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Dr Dre’s Beats Music is copying Spotify but should be copying Pandora instead

Dr Dre may know a lot about the music industry, but that doesn’t mean he understands the music streaming industry.

The rap legend’s headphones brand Beats, which he co-founded with Jimmy Iovine, is set to launch Beats Music in the US early next week, and it’s going to look and work a lot like Spotify. Like the popular music streaming service, Dr Dre’s new offering will feature a near-endless pool of licensed music—more than 20 million songs in all. Like Spotify, Beats Music will also rely on monthly membership fees. Unlike Spotify, Beats will offer no free version, only a free one-month trial. Beats also promises to offer an advanced music curation service that will help create music playlists and suggest songs and artists based on a user’s taste. Spotify does this too, but Beats claims it will do it better.

So what’s to differentiate the two? Not much, save for Dr Dre’s powerful marketing team—his headphones have been a wild success—and its promise of advanced music discovery, which does things like log what it calls a user’s “music DNA.” There’s also a deal with mobile provider AT&T, which will allow Beats to sell its service as part of family mobile plan. But essentially, Beats is betting it can beat Spotify at its own game.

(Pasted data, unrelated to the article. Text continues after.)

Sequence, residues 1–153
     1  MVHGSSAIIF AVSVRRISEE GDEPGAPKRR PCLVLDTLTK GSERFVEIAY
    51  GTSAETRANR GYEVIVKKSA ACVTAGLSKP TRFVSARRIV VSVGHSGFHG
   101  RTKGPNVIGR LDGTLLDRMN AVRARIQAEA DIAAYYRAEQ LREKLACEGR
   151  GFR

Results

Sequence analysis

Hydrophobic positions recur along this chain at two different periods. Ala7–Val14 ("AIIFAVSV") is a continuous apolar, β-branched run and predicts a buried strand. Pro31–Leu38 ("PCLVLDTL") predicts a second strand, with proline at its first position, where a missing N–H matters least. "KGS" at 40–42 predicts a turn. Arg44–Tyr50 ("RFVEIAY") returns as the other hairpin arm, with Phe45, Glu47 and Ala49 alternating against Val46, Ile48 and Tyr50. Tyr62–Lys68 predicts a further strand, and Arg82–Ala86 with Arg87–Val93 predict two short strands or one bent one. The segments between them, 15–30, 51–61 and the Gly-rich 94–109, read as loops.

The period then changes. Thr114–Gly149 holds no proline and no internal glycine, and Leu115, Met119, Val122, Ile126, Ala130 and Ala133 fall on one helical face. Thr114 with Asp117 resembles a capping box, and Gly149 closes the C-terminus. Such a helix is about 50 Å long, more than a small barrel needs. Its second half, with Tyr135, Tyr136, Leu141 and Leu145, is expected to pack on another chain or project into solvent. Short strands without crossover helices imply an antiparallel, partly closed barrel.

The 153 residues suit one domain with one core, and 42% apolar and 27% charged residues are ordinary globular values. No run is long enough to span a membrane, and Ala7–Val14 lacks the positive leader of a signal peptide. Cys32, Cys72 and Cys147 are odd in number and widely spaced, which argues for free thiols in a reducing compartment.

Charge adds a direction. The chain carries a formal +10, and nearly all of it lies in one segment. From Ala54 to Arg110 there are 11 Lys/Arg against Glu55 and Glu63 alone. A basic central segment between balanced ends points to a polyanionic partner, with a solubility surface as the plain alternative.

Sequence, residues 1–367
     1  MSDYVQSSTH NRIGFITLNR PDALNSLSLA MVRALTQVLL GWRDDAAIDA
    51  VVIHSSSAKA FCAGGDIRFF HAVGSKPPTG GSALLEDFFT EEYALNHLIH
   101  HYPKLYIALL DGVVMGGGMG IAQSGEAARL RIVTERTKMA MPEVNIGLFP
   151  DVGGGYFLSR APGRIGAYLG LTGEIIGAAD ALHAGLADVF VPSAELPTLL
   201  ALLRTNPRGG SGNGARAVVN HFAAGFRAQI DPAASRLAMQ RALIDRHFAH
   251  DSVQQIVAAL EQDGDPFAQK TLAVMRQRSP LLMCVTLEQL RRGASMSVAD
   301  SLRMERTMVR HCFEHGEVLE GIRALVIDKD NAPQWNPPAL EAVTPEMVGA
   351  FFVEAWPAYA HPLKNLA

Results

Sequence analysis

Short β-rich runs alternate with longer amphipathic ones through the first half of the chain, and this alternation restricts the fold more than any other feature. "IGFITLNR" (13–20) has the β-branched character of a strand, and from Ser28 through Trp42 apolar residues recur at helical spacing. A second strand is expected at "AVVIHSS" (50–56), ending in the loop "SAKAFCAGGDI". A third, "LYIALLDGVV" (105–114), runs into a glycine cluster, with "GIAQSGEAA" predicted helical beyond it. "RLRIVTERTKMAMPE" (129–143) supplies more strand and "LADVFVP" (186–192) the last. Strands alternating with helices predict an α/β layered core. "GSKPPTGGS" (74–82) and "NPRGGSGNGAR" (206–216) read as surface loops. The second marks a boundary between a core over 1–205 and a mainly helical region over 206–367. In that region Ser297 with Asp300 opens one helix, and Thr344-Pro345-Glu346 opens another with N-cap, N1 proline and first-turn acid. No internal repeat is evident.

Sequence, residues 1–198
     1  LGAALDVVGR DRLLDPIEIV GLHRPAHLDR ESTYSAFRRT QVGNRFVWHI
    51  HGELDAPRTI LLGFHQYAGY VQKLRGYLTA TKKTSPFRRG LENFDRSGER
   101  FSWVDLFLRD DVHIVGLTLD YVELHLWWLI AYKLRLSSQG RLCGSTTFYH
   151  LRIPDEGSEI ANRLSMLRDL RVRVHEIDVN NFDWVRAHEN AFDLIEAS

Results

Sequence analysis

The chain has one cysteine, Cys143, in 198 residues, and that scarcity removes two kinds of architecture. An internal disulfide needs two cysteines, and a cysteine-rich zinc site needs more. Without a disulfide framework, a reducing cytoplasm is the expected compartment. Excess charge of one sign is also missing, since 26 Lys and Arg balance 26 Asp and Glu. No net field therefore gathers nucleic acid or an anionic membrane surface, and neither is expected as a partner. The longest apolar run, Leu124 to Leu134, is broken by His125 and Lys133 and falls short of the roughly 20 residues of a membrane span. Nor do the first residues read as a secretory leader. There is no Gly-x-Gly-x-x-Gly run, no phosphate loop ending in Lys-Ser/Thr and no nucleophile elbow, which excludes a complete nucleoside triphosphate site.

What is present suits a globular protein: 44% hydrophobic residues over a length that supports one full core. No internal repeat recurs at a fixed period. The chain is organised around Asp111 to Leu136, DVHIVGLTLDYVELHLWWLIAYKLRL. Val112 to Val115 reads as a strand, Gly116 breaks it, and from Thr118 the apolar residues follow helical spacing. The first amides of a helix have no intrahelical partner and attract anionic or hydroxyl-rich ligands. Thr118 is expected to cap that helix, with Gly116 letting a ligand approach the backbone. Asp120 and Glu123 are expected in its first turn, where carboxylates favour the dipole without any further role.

There’s only one kink in Dre Dre’s master plan: He’s shouldn’t have chosen Spotify as the company to copy. Pandora may not be the coolest music streaming product, but it is the best music streaming business right now.

To make people pay, or not to make people pay

Spotify has done a great job of growing revenue: Its sales jumped more than 100% from 2011 to 2012. The company’s revenue even exceeded Pandora’s in 2012. But Spotify depends heavily on not only growing its number of users, but convincing them to pay the extra $10 per month for its full service. Pandora’s revenue, on the other hand, is almost entirely ad-driven. 

Spotify vs Pandora

The revenue structure at Beats will be even more subscription-heavy than Spotify’s, since there won’t be any free version, only the $9.99 monthly fee.

The freer the bigger

While Spotify’s reliance on subscription fees may not seem like a problem now, it could soon. The market for Spotify’s paid service is a mere fraction of that of Pandora’s, which is essentially the same size as the market for radio. “If you’re asking people to pay for music, the market shrinks drastically,” James Marsh, a music business analyst at Piper Jaffray, told Quartz. “The vast majority of US music listeners won’t pay for music.” Look no further than Pandora’s more than 200 million users for evidence. Spotify has around 26 million worldwide.

One might just argue that Spotify and Pandora are gunning for two different pieces of the market. Spotify lures dedicated music fans who know what they want to listen to, and are willing to pay to avoid ads; Pandora caters to the massive pool of people who want music, but aren’t terribly particular about what song is played and when. But Spotify seems to already be leaving its corner, at least partly, to see what Pandora’s has to offer.